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  #1  
Old 08-20-2019, 10:15 AM
TripCarl TripCarl is offline
 
Join Date: Dec 2011
Location: Northern, NJ
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Default ANAD Rebuilds from the 70's

I received an ANAD rebuild from 76. Ithaca frame/Colt slide, are these in essence new guns? I realize the frame and slide are rebuilt with components, is there any insight on the process they went through?

Basically a refinishing, new springs, and new barrel?

thanks
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  #2  
Old 08-20-2019, 10:41 AM
SpearheadOrd SpearheadOrd is offline
 
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Location: Stafford, VA
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In essence a new Pistol. The depot process varied depending on source and condition of the items. They could have been simply inspected like some of the unused 03A3's at Ogden post WW II.

For used end items (complete assemblies like pistols or tanks), normally Depot overhaul involves disassembly down to the component level, inspection and gaging of all components. Refinishing of components that gage good but have worn finish, and then reassembly w/ refinished and or new components. All parts come out of separate bins and end items normally are not reassembled w/ any concern of what collectors would call "correctness" or originality.

HTH's
Airborne,
Mark
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  #3  
Old 08-20-2019, 10:47 AM
DDRode DDRode is online now
 
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Location: Benson, MN
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Quote:
Originally Posted by TripCarl View Post
I received an ANAD rebuild from 76. Ithaca frame/Colt slide, are these in essence new guns? I realize the frame and slide are rebuilt with components, is there any insight on the process they went through?

Basically a refinishing, new springs, and new barrel?

thanks
Negative...

They aren't "new" guns...per se!!!

They are ARSENAL/DEPOT built weapons utilizing receivers manufactured during WWI/WWII!!!

The remainder of the components are usually M1911A1 components manufactured during (and post) WWII (although a few parts from WWI show up now & then)!!!

Replacement parts (slides, barrels, springs, etc) were manufactured up into the eighties.



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Last edited by DDRode; 08-21-2019 at 11:40 AM.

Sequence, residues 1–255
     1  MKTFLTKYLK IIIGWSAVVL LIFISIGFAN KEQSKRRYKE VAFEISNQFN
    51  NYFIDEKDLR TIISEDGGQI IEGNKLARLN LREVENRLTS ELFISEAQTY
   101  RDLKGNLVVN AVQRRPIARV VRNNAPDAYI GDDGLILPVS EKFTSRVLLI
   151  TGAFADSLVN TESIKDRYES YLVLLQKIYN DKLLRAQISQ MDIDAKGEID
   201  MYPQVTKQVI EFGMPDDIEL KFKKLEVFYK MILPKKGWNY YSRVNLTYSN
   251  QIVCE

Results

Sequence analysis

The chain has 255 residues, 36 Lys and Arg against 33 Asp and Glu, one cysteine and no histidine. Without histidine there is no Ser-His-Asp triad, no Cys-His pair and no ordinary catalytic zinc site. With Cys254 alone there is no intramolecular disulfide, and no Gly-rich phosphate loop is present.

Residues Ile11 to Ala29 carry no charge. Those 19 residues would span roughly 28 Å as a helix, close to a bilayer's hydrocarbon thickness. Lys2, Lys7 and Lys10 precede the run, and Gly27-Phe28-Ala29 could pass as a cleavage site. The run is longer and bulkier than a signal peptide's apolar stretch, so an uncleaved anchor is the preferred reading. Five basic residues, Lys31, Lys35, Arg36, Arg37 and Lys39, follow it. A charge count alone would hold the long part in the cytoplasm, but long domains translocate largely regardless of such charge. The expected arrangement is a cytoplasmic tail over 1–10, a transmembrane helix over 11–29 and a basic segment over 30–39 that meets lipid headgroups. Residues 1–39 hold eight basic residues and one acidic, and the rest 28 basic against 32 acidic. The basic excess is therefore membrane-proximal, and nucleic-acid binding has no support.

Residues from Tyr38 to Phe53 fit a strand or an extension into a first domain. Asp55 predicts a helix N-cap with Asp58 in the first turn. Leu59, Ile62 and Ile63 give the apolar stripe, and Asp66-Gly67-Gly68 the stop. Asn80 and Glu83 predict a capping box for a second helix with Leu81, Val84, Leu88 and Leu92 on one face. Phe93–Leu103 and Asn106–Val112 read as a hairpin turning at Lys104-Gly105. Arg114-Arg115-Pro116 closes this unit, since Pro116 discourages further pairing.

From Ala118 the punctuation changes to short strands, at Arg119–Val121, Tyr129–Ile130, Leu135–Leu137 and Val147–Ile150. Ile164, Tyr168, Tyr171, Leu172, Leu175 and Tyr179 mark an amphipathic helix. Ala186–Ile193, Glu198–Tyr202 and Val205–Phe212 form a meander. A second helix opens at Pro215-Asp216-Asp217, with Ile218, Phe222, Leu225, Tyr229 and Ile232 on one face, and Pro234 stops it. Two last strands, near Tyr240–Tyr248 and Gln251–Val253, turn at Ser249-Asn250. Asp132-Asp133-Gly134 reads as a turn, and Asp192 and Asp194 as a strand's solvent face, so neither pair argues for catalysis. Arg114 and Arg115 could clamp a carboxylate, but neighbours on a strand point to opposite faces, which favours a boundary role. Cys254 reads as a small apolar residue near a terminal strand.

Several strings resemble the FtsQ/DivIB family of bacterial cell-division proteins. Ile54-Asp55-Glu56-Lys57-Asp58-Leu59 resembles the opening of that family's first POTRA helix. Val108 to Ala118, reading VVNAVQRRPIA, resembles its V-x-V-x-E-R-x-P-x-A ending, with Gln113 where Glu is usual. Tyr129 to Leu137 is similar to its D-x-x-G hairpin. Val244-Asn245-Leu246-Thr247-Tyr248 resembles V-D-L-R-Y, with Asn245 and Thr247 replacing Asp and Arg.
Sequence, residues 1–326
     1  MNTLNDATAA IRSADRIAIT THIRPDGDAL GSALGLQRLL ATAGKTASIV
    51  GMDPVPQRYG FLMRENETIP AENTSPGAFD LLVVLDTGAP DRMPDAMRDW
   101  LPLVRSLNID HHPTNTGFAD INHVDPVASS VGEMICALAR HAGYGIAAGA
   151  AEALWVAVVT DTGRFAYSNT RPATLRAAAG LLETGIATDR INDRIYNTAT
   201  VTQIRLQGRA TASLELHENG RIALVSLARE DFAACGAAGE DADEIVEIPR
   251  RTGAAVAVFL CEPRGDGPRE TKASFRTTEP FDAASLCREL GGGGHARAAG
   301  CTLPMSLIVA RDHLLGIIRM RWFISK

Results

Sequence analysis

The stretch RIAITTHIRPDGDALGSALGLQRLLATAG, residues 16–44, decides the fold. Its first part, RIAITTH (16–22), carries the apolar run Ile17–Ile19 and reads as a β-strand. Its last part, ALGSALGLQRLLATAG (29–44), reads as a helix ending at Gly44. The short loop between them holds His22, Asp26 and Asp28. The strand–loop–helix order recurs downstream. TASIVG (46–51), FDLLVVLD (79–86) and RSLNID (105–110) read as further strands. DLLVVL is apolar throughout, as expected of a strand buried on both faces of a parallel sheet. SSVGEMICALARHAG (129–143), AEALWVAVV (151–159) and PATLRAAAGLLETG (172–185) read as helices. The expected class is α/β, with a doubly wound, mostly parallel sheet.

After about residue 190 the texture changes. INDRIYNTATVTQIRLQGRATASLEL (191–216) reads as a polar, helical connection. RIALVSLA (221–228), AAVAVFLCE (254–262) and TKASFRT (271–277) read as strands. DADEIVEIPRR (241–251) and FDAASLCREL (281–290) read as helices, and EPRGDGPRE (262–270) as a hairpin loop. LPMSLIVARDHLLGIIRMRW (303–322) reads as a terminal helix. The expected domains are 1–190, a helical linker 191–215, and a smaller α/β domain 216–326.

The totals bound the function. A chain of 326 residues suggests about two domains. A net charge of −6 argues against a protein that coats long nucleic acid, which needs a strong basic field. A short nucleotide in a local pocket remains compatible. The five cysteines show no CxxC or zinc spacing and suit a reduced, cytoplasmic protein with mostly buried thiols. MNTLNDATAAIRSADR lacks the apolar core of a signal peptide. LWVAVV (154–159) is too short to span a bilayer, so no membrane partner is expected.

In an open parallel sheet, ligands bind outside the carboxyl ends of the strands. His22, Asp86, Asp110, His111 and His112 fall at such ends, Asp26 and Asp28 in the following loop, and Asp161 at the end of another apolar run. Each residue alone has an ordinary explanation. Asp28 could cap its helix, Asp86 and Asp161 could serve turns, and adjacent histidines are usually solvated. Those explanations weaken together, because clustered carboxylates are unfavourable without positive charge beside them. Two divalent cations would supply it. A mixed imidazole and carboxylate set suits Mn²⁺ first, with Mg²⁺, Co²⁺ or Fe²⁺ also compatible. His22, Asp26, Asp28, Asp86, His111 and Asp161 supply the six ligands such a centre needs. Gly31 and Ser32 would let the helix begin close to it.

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  #4  
Old 08-20-2019, 10:52 AM
weimar_police weimar_police is offline
 
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Location: Near Spokane, WA
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Mark has said it very well above.

There are snippits in books on rebuilding, as most of it is best guess or common sense. Since this is mostly in the USA and was 'only' 30-40 yrs ago, you'd think someone would have talked to the armorers. However, there has to be someone willing to do it, and have the know-how of who to contact. AND I think most rebuild personnel are long retired.

So, best guess from articles at the time (time-period) and knowledge of other rebuild processes is usually your best guess.

Ed
chair born Army MP
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  #5  
Old 08-20-2019, 10:59 AM
SpearheadOrd SpearheadOrd is offline
 
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Location: Stafford, VA
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We are getting into semantics. DDRode is correct in that they are not "NEW". However by DOD definition Condition Code A End items or components, are New or "LIKE NEW". Unissued depot overhaul end items from Depot stock are Condition code A and hence "Like New". A depot overhauled item can never be NEW per se. However they are rebuilt to "Zero Hours, Zero Miles, Zero Rounds, depending on the item some are all three, so they are like new. General Support level ( 4th level) overhauls are a different animal entirely.

Your mileage may vary.

Mark
Retired Army Airborne Ordnance

Last edited by SpearheadOrd; 08-20-2019 at 11:04 AM.
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  #6  
Old 08-20-2019, 01:43 PM
Wakko Wakko is offline
 
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Location: Palm Beach, Florida
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Considering the dates on some of these are around the bicentennial, I think it's a nice little grab to get one of the ANADs.
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  #7  
Old 08-20-2019, 04:21 PM
Homerboy Homerboy is offline
 
Join Date: Sep 2013
Location: NE Pennsylvania
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I'm no expert, but my 1911 was rebuilt at the Depot in July, 1976. 7/76. Bicentennial gun. I like that. And it is tight as a drum. I was prepared for the "baby rattle" sound that I was told to expect. None of that at all.
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  #8  
Old 08-21-2019, 03:00 PM
colemanw colemanw is offline
 
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Location: Eastern Washington
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Quote:
Originally Posted by Homerboy View Post
I'm no expert, but my 1911 was rebuilt at the Depot in July, 1976. 7/76. Bicentennial gun. I like that. And it is tight as a drum. I was prepared for the "baby rattle" sound that I was told to expect. None of that at all.
same story here

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  #9  
Old 08-21-2019, 03:13 PM
Homerboy Homerboy is offline
 
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Quote:
Originally Posted by colemanw View Post
same story here

Wow. Mine is a twin to yours. Same markings on Colt replacement slide and everything. They must have been using those in July 1976.
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